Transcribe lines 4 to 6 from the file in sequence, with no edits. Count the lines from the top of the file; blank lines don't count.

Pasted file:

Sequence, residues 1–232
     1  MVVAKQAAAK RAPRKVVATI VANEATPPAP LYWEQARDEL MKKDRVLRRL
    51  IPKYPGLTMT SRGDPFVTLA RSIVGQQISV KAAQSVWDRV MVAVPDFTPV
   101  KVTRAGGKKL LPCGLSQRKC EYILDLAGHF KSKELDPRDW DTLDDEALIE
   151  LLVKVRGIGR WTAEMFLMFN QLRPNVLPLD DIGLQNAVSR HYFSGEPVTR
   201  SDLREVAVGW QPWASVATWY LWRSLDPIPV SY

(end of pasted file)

   101  KVTRAGGKKL LPCGLSQRKC EYILDLAGHF KSKELDPRDW DTLDDEALIE
   151  LLVKVRGIGR WTAEMFLMFN QLRPNVLPLD DIGLQNAVSR HYFSGEPVTR
   201  SDLREVAVGW QPWASVATWY LWRSLDPIPV SY